Kishida’s 21st-Century Leadership Embraces 21st-Century Opportunities

Yomiuri Shimbun file photo
U.S. Ambassador to Japan Rahm Emanuel

The South Korean government announced on Monday a plan to resolve an issue with Japan concerning wartime requisitioned workers from the Korean Peninsula. U.S. Ambassador to Japan Rahm Emanuel contributed an article to The Yomiuri Shimbun about the landmark plan.

This week, Japan and the Republic of Korea announced a major milestone: an agreement to resolve the wartime labor dispute.

In doing so, Prime Minister Kishida and President Yoon showed boldness, brilliance, and bravery by acknowledging the past, while seizing the opportunities of the future. They ensured the 20th century did not rob their respective countries of the opportunities the 21st century provides. They were as equally forthright about the past as they were about the future.

I have served alongside dedicated and determined leaders, including Presidents Clinton, Obama, and Biden. I have been Mayor of America’s third-largest city — Chicago, a tough town. A successful leader must be idealistic enough to know why they are doing what they are doing, and then tough enough and strong enough to get it done.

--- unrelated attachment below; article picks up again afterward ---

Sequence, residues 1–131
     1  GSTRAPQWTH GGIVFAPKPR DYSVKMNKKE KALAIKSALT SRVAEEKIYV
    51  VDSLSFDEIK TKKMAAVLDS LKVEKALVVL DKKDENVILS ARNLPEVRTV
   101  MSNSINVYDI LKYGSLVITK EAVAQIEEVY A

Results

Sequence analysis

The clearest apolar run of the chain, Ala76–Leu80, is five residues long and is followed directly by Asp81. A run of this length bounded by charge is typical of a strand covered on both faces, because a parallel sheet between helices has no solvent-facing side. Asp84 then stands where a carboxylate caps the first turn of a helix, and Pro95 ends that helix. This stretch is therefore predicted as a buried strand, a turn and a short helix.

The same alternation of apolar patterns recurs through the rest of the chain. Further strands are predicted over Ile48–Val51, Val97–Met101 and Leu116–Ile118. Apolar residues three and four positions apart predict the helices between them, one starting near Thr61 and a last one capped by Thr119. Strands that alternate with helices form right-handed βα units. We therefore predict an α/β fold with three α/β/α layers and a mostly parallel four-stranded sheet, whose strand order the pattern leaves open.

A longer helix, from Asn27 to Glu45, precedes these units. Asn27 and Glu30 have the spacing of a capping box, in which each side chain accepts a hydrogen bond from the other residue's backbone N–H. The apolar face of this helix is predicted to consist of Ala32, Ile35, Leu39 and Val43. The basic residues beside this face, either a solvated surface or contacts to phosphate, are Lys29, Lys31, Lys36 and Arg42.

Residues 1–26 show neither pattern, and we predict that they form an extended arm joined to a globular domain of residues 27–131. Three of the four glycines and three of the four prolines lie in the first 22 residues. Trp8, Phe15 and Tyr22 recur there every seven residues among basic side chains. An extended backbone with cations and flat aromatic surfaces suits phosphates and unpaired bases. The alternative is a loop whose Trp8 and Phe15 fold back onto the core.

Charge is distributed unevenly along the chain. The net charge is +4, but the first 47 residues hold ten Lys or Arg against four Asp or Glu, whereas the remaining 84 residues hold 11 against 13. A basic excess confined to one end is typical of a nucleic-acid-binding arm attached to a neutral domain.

Prime Minister Kishida displayed what a profile in courage looks like and demonstrated power, purpose, and poise with this agreement with South Korea. The Prime Minister was fortunate to have an equally dedicated and determined partner in President Yoon.

But this isn’t a shocking surprise. Since taking office in 2021, the Prime Minster has laid out future-oriented vision and values for Japan — at home and abroad — and taken the tough steps to achieve them. To put a finer point on this argument, the boldness displayed in this week’s announcement is part of a clear pattern of leadership.

First, when Russia invaded Ukraine, he revamped and reversed Japan’s decades-old Russia policies and positions, providing Ukraine with unprecedented levels of aid and welcoming Ukrainian evacuees.

Second, he shrunk the distance between Europe and Asia, understanding that today’s Ukraine could be tomorrow’s Indo-Pacific. A new security strategy was developed, and Japan is on track to pass a budget that increases defense spending to two percent of GDP in only five years. He expanded Japan’s deterrence partnerships with Australia, the UK, Italy, and the Philippines.

Third, this agreement will further strengthen and solidify the ties between two democracies in East Asia, and two of our most important allies. The two leaders’ doggedness to reconnect and reconcile, in the face of political resistance, impresses and inspires many around the world. The reconciliation of the past through negotiations stands in contrast to Russia’s war in Ukraine and China’s attacks on its neighbors.

Before I became Ambassador, policy people told me Japan was slow to change. During my first 14 months in Tokyo, this conventional wisdom has proven misplaced — kudos to Prime Minister Kishida’s forward-looking leadership.

As host of this year’s G7, the entire world will witness the Prime Minister’s purposeful pursuit of a peaceful, prosperous, and principled Japan.

Japanese version